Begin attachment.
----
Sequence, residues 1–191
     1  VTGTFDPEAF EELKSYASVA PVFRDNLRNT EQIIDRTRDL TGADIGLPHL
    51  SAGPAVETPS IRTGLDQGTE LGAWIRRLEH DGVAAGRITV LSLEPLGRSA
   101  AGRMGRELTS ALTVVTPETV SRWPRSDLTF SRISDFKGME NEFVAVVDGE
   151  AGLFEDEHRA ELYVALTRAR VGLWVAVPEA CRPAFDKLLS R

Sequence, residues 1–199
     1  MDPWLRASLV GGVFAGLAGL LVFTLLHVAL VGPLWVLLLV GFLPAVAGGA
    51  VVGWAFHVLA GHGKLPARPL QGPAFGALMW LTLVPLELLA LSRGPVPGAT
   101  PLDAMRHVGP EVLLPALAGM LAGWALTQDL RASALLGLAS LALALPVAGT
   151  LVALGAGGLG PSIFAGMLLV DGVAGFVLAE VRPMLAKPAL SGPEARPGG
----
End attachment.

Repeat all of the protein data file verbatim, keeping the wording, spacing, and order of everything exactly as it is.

Sequence, residues 1–191
     1  VTGTFDPEAF EELKSYASVA PVFRDNLRNT EQIIDRTRDL TGADIGLPHL
    51  SAGPAVETPS IRTGLDQGTE LGAWIRRLEH DGVAAGRITV LSLEPLGRSA
   101  AGRMGRELTS ALTVVTPETV SRWPRSDLTF SRISDFKGME NEFVAVVDGE
   151  AGLFEDEHRA ELYVALTRAR VGLWVAVPEA CRPAFDKLLS R

Sequence, residues 1–199
     1  MDPWLRASLV GGVFAGLAGL LVFTLLHVAL VGPLWVLLLV GFLPAVAGGA
    51  VVGWAFHVLA GHGKLPARPL QGPAFGALMW LTLVPLELLA LSRGPVPGAT
   101  PLDAMRHVGP EVLLPALAGM LAGWALTQDL RASALLGLAS LALALPVAGT
   151  LVALGAGGLG PSIFAGMLLV DGVAGFVLAE VRPMLAKPAL SGPEARPGG